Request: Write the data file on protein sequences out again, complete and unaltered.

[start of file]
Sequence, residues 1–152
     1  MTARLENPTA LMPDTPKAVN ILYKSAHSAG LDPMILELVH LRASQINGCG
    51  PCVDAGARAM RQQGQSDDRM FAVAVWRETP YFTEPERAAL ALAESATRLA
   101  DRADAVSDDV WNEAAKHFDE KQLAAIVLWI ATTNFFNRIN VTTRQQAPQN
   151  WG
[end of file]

Sequence, residues 1–152
     1  MTARLENPTA LMPDTPKAVN ILYKSAHSAG LDPMILELVH LRASQINGCG
    51  PCVDAGARAM RQQGQSDDRM FAVAVWRETP YFTEPERAAL ALAESATRLA
   101  DRADAVSDDV WNEAAKHFDE KQLAAIVLWI ATTNFFNRIN VTTRQQAPQN
   151  WG